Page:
Yay for targeted marketing! In a perfect storm of nerdery, questionable taste in music (mine) and first week sales promotions, the good people at Amazon had a deal this week which offered both the Alan Silvestri original score for “The Avengers“ and the rock-focussed “Music From and Inspired By” soundtrack album for the princely sum of £10.00 on the MP3 store.
Click > Add to Cart > Sold!
The Alan Silvestri score is very solid stuff, if ever so slightly reminiscent of his previous work – you might well find yourself going “Hmm…that sounds very much like the music from ‘Back to the Future‘, don’t you know?”. I’m quite fond of Black Widow‘s theme – “Red Ledger”, a percussive action piece called “Assault” and all of the pieces which accompany that thing with the stuff (I don’t wish to spoil the movie for anybody who hasn’t seen it yet, but “Assemble” and “One Way Trip” are adrenaline-racing fare and score some of the most air-punching/nail-biting bits of the film’s climax).
As to whether you would like this album – do you like to wash dishes and pots to Murray Gold‘s “I Am The Doctor” and Hans Zimmer‘s “The End?” (from the recent “Sherlock Holmes“ sequel)? You do? Get on this score – it’s right up your alley.
They will rock you and break your face if you don’t like it – Five Finger Death Punch
Now to the more divisive release of the two. I’ve written a yippy-skippy piece about the “Music From And Inspired By” soundtrack album previously and I have to admit that I’ve lost none of my affection for it now that it’s on my iPod. Well, let me clarify that – I could have done without Five Finger Death Punch‘s cover version of Faith No More‘s classic “From Out Of Nowhere”, which is clearly a case of a band turning in their take of a song which they loved in their formative years. I don’t hate Five Finger Death Punch as much it is now apparently the law to do – never heard much by them, to be honest – but equally I’m not sure that the world needs a gruff, heads-down cover of a nuanced, singular song by one of the most underrated bands of the last twenty years. If you love Ivan, Zoltan and the boys, your mileage may vary.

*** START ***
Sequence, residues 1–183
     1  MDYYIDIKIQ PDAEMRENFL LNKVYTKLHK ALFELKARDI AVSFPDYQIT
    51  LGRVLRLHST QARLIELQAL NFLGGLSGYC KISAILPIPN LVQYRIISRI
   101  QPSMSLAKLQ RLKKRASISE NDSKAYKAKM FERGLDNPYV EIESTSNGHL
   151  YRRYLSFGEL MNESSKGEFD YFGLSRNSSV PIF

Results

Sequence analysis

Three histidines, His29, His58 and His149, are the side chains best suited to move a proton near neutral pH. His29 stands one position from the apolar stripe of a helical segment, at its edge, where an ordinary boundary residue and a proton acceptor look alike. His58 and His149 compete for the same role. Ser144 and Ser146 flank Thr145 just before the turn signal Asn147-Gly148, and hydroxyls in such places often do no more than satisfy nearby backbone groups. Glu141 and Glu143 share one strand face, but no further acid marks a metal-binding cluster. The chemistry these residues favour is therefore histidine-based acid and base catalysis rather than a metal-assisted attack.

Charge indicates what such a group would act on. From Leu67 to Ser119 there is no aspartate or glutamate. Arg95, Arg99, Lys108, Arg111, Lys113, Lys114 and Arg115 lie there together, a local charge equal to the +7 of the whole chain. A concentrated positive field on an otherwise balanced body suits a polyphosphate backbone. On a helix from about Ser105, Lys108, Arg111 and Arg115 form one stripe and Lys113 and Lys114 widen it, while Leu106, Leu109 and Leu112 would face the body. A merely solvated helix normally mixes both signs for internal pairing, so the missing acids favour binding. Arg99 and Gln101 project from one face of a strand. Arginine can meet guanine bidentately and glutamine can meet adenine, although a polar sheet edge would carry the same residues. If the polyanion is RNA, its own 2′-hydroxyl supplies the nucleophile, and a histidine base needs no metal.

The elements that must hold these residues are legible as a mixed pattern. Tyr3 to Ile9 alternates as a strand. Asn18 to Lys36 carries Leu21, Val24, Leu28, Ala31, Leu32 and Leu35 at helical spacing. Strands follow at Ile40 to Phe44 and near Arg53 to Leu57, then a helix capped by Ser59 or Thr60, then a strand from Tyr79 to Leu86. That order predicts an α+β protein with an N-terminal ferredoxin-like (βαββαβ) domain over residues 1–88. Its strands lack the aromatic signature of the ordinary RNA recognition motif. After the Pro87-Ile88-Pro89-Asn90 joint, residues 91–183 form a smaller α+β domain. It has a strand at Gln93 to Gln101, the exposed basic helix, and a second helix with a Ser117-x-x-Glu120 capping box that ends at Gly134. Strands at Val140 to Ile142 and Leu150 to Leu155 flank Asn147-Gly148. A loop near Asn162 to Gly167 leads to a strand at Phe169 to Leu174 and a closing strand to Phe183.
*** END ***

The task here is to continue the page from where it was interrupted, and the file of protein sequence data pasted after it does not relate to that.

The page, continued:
No, I’m going to keep my ire firmly for dreadful British hipster dreck Kasabian – they appear on the ‘international’ version of the soundtrack with their tune ‘Pistols at Dawn‘ and will be getting resolutely skipped from here forth: I’m not a fan, oddly enough. In the context of the record – Shinedown, Evanescence, Buckcherry – wouldn’t a band like Halestorm be a lock for inclusion? I suppose that I’m just grouchy because there’s not even a hint of DragonForce or Pythia on the soundtrack…
It is very much as you would expect, in fact – targeted at a variety of rock fans, with the younger set taken care of via everyone’s favourite Motley Crue tribute band, Black Veil Brides (for all my snarking, their song “Unbroken” is catchy as hell) and the aforementioned FFDP. Their older brothers and sisters get Papa Roach, Rise Against (who somehow pull off being punky, poetic, anthemic and grumpy all at the same time – kudos!), Shinedown (really quite liked their song, “I’m Alive”) and Soundgarden to bump in their Ford pick-up trucks.
Bush are still around and sounding not terribly different from their heyday and the smattering of newer artists – Cherri Bomb, PusherJones and Redlight King – don’t amaze particularly but don’t offend either. Cherri Bomb being the pick of that crop, for me at least.
In short – I quite liked the soundtrack. It’s a promotional tie-in for a huge juggernaut of a movie but I liked a lot of the stuff on here and would recommend it to folks who want to check out bands they’re not currently into (Shinedown, on this evidence, will be a band I might want to have a longer listen to). And I’d certainly sub-out Kasabian for Theory of a Deadman (who are on the US release), coolness be damned.